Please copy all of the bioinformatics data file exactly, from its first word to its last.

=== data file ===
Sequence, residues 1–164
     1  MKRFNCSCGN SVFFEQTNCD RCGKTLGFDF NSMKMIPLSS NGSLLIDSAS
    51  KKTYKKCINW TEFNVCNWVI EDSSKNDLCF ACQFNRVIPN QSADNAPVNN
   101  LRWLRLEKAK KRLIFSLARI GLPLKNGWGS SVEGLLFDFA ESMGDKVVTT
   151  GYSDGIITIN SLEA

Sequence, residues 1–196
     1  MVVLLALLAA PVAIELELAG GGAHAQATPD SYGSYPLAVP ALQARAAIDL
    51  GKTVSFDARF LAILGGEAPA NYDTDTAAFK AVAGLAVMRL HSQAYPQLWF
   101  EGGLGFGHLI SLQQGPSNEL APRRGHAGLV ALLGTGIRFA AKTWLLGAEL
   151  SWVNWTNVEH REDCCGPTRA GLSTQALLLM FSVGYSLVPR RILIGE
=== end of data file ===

Sequence, residues 1–164
     1  MKRFNCSCGN SVFFEQTNCD RCGKTLGFDF NSMKMIPLSS NGSLLIDSAS
    51  KKTYKKCINW TEFNVCNWVI EDSSKNDLCF ACQFNRVIPN QSADNAPVNN
   101  LRWLRLEKAK KRLIFSLARI GLPLKNGWGS SVEGLLFDFA ESMGDKVVTT
   151  GYSDGIITIN SLEA

Sequence, residues 1–196
     1  MVVLLALLAA PVAIELELAG GGAHAQATPD SYGSYPLAVP ALQARAAIDL
    51  GKTVSFDARF LAILGGEAPA NYDTDTAAFK AVAGLAVMRL HSQAYPQLWF
   101  EGGLGFGHLI SLQQGPSNEL APRRGHAGLV ALLGTGIRFA AKTWLLGAEL
   151  SWVNWTNVEH REDCCGPTRA GLSTQALLLM FSVGYSLVPR RILIGE